US may lose in Trump's TikTok war, expert warns
As the Trump administration is threatening to ban popular apps including TikTok and WeChat, "the United States may lose in Trump's TikTok war," warned an expert.
Wei Shangjin, professor of finance and economics at Columbia University's Graduate School of Business and School of International and Public Affairs, said forcing TikTok to be sold cheaply to a "very American" buyer will endanger many US firms in the Chinese market, according to an opinion published by Project Syndicate on Thursday.
"If China were to mimic Trump's gambit — alleging, without providing evidence, that some US multinationals are potential national-security threats — it could force them to sell their operations to 'very Chinese' buyers. Although the Chinese government has not yet done so, the risk has become higher now," said Wei, who served as chief economist of Asian Development Bank during 2014-2016.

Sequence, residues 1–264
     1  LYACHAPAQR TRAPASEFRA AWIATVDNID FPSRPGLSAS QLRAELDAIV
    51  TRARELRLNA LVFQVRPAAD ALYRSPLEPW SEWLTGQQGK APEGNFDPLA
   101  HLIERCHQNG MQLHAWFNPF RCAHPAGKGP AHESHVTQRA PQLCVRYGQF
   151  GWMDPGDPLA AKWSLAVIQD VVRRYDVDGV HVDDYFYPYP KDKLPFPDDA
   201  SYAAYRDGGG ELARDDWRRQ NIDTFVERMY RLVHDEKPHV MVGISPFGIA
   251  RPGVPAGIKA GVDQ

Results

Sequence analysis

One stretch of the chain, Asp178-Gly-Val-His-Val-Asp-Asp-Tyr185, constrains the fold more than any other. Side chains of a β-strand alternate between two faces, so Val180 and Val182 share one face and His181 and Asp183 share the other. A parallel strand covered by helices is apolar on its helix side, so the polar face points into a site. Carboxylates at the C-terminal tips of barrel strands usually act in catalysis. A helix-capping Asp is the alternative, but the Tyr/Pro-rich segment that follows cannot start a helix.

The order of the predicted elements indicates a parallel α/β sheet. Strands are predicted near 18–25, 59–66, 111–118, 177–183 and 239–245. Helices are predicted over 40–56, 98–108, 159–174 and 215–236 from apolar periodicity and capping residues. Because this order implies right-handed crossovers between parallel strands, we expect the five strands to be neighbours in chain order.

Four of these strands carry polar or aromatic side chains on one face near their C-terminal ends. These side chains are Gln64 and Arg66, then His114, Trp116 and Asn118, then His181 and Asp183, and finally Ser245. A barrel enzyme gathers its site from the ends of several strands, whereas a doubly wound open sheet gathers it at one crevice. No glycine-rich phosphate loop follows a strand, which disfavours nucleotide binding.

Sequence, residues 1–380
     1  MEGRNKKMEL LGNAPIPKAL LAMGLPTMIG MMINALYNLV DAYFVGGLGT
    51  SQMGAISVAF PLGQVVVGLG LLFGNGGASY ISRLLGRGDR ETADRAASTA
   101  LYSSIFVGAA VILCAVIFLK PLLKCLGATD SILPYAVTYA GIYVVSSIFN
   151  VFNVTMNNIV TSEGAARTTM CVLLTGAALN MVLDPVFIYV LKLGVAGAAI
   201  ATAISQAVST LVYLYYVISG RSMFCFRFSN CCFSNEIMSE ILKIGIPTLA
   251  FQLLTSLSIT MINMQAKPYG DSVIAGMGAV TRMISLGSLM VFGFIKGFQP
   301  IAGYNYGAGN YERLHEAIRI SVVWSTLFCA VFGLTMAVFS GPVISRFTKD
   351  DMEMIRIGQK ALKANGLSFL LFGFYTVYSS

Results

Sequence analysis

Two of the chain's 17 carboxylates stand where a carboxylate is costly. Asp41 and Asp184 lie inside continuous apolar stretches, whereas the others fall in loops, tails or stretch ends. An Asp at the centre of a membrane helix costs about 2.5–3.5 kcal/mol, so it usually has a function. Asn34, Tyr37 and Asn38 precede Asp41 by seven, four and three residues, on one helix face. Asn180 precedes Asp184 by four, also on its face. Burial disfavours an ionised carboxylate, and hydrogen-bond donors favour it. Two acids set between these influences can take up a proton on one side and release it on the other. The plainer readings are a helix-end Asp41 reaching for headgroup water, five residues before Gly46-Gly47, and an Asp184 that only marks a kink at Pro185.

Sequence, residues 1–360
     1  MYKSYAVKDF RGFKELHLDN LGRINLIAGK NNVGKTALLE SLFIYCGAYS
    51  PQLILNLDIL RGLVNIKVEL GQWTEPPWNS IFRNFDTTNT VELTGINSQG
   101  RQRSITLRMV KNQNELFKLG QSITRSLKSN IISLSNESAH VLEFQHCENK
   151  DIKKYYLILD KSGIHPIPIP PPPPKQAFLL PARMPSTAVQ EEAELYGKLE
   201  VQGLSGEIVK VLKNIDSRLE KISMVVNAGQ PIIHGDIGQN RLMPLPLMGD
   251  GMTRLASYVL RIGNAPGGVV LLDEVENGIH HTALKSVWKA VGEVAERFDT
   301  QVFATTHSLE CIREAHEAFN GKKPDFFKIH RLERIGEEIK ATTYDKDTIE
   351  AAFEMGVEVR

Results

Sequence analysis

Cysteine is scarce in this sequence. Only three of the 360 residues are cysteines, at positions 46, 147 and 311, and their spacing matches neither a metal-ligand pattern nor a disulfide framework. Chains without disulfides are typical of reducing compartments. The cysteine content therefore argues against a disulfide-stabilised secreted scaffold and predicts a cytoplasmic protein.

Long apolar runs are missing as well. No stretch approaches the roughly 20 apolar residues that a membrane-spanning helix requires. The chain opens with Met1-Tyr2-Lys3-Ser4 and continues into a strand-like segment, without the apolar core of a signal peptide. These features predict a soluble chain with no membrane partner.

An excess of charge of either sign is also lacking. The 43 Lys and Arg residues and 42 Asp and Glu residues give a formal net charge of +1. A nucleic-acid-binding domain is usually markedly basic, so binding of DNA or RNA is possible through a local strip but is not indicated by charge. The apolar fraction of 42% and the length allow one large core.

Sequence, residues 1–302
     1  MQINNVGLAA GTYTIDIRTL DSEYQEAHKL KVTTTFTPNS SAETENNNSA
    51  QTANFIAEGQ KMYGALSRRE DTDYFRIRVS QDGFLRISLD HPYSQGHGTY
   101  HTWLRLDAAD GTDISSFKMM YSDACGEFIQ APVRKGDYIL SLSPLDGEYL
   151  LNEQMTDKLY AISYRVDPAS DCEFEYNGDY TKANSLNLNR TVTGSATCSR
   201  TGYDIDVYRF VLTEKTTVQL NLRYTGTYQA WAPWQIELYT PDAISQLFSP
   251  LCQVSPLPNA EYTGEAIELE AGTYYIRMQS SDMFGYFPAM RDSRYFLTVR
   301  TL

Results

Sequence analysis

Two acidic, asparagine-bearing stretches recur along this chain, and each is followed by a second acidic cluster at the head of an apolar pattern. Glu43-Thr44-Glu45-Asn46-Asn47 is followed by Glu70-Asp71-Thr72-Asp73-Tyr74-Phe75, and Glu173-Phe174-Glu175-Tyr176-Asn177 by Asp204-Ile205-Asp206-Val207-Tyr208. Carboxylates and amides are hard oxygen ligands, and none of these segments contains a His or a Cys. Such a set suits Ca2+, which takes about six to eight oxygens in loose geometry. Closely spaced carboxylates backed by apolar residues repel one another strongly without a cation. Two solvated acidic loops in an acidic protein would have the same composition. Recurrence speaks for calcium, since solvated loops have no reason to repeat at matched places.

US President Donald Trump on Thursday issued an executive order banning any US transactions with Chinese tech firm ByteDance, owner of TikTok, starting in 45 days.
TikTok has been downloaded over 175 million times in the United States and over 1 billion times globally, according to the executive order, which claims that the app automatically captures "vast swaths of information" from its users, posing risks to US national security.
A similar executive order has also been issued for WeChat, a messaging and social media app owned by Chinese tech giant Tencent.
Although Trump's actions could yield a short-term gain for the United States, they have introduced severe potential risks to US interests, not to mention international and domestic rules of commerce, Wei said.
"After all, what would happen to business confidence if governments assumed that they could extort private enterprises at will?" Wei added.
Trump is essentially doing what the United States has long accused China of doing: disrespecting private property, presuming guilt without evidence, eroding foreign firms' legitimate rights without compensation, and using arbitrary, opaque rules to block them from operating in the country, according to Wei.
"There is still time for the Trump administration to change course and avoid damaging US interests. But the clock is running — tick tock," Wei said.